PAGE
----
Attn. Straight Women: Gay men are not your accessories

If you have consumed any amount of pop culture directed at straight women over the past decade, you know of the “gay boyfriend” phenomenon: the superfabulous, showtunes and shopping-loving queer friend who shows up whenever a female lead character needs entertainment, romantic advice, or a plus-one.

Think Stanford in Sex and the City. The eavesdropping assistant in Obsessed. The gaggle of gays who advise Drew Barrymore in He’s Just Not That Into You. I could go on and on… Much like the black best friend, the gay boyfriend is the perfect match for a neurotic and insecure (but still skinny, white, beautiful) leading lady because he is depicted as sexually nonthreatening and non-spotlight-hogging. I think Sady summed it up well:

Sadly, not everybody can be a White Heterosexual. However, if you are not, I have good news: you, lucky person, get to aid the White Heterosexuals in their quest for love! Gay folks and/or people of color make fabulous accessories to the single White Heterosexual girl’s lifestyle.

Which brings us to Thomas Rogers, who describes his plight in Salon today: He’s a gay man who has repeatedly been targeted by straight women looking for a gay boyfriend, despite the fact that he has little in common with these women:

As I moved away from home, to bigger and bigger cities, I discovered that there were lots of scruffy and poorly dressed drone-rock-loving gay men in the world — especially of my age group — who had nothing in common with the Sanfords and Wills I’d seen on TV. Just because I was into dudes didn’t mean I had to suddenly love dance music or fine furnishings. And yet, despite my continued shortcomings as a stereotypical gay man, I remained a strangely alluring target for a large number of straight women.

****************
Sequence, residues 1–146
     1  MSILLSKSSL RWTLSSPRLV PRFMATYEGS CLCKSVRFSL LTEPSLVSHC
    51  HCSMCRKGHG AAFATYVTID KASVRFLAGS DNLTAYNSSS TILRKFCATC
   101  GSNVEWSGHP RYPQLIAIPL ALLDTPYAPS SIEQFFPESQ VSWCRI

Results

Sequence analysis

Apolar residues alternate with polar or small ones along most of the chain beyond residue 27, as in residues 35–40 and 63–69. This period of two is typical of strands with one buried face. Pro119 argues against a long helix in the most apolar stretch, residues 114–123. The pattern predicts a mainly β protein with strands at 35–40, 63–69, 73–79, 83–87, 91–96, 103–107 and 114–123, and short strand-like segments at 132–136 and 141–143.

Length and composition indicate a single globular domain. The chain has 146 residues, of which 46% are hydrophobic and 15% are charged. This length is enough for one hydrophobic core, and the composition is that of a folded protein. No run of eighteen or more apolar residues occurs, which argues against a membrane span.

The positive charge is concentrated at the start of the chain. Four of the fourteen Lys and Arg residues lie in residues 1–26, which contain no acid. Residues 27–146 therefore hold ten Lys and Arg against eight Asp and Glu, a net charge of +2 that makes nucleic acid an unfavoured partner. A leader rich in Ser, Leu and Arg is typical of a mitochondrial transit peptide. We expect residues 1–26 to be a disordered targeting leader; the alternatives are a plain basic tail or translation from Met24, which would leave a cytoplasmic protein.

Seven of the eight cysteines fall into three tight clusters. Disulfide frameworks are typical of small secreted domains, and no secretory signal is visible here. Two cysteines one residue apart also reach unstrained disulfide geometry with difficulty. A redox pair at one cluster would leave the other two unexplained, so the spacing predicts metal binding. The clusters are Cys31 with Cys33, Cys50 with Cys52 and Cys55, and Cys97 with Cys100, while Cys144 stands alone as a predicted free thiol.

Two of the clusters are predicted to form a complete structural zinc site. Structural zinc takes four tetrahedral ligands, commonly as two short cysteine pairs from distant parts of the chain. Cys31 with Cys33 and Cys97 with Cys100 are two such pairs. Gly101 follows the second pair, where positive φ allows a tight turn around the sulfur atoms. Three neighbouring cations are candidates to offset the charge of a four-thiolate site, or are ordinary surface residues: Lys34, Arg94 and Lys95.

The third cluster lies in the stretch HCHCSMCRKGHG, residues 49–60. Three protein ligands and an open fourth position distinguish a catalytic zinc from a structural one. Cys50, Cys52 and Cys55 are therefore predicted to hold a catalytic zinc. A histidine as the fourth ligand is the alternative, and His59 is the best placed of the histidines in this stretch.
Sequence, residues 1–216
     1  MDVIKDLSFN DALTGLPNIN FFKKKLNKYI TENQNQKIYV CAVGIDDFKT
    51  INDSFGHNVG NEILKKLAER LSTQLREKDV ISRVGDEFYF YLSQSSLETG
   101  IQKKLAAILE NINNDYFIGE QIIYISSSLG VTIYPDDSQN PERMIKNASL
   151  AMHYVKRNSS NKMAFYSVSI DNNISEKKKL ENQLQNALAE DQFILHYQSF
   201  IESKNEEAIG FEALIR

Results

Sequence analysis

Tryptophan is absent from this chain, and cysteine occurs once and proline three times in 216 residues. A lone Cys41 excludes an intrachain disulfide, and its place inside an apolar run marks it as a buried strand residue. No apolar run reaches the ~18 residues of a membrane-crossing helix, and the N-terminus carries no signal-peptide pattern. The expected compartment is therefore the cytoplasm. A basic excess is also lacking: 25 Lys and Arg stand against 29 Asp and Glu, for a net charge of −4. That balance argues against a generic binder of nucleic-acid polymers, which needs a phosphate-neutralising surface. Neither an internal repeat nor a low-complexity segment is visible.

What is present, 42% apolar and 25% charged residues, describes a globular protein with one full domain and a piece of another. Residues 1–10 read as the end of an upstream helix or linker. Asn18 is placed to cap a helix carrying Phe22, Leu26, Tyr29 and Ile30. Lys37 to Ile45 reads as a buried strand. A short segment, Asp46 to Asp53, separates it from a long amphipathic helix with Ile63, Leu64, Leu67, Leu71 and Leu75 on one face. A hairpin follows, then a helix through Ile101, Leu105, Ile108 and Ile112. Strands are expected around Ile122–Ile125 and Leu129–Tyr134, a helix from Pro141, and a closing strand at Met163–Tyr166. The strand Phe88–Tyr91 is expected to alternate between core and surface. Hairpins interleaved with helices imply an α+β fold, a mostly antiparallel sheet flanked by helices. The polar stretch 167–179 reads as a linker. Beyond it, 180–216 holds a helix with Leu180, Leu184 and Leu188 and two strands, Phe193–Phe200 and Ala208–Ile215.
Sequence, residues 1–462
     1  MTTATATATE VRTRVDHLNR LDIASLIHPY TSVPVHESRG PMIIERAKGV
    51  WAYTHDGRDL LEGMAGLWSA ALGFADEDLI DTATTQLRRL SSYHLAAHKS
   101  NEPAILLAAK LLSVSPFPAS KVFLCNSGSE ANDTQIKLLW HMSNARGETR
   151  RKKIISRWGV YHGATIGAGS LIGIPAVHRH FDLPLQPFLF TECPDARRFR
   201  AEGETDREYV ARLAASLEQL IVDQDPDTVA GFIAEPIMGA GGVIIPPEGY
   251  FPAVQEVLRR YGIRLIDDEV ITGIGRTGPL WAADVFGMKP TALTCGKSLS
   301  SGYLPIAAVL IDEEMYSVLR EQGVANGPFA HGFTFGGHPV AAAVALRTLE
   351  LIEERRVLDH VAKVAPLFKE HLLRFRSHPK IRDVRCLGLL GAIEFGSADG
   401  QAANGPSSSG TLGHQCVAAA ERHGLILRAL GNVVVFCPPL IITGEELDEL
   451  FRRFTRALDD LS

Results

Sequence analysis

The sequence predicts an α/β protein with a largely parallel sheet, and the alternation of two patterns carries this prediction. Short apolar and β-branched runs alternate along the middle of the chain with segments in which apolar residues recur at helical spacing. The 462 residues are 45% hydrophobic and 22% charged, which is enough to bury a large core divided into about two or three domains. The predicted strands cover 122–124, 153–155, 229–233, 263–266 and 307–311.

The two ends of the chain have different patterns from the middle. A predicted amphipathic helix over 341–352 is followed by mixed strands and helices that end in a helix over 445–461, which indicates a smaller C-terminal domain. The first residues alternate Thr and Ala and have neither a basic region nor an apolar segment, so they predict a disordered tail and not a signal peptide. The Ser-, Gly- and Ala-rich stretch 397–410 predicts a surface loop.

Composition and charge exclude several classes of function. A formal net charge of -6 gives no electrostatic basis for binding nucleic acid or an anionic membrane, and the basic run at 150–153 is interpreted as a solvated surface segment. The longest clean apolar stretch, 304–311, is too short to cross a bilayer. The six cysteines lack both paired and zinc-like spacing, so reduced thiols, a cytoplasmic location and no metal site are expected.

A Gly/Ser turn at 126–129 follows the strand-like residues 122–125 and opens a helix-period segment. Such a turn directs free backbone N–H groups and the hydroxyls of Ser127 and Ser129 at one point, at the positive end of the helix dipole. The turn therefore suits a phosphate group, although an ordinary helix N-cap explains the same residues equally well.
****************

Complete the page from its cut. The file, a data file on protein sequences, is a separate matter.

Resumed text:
Rogers grants that self-identified “fag hags” were once extremely important: “I’m here, I’m with that queer, get used to it.” (He doesn’t make this distinction, but in many parts of the country where gay rights are less entrenched, I think this can still hold true.) And he largely credits Will and Grace with mainstreaming the phenomenon. Granted, I have not seen too many episodes of the show, but to me it’s very different than the Carrie/Stanford example. Will and Grace’s friendship always seemed like a two-way street. After all, the show isn’t called Grace, and Will is much more than a background character who pops up for comic relief. Rogers continues,

It was no coincidence that the first wave of gay male TV characters shared most of their screen time with straight women — it made us palatable to mainstream America. “It was celebrating the feminine side of gay men, not about going into the bar scene,” says Pimlott. “It disarmed their potential threat.” And this, in turn, made us into every straight girl’s best friend. “It made it seem like every straight girl should have these accessories: Manohlo Blahnik shoes, and a fag.”

It’s true that while declaring oneself a “fag hag” was once a subversive act, the mainstream cultural interpretation of the friendship between straight women and gay men has taken a really unfortunate turn. (As a straight woman with many gay male friends, it gives me pause. Have I internalized any of this bullshit?) Perhaps the more subversive act today is to decline to preface the term “friend” with a description of that person’s sexuality.

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75 Comments

  1. Kathleen6674
    Posted August 18, 2009 at 8:41 pm | Permalink

    My very best friend in college was a man who has never hit on me – we’ve been friends for 15 years. He has commented on my appearance exactly once, and that was when I asked him his opinion of my hair dye. He said something along the lines of “Don’t worry about your hair color, it’s fine,” and that was that.
    He is the ONLY guy I can say that about. Every other guy I’ve befriended has gotten touchy-feely at some point, often under the thin veil of drunkeness, semi-drunkeness, or feigned drunkeness.

  2. Mariella
    Posted August 18, 2009 at 8:43 pm | Permalink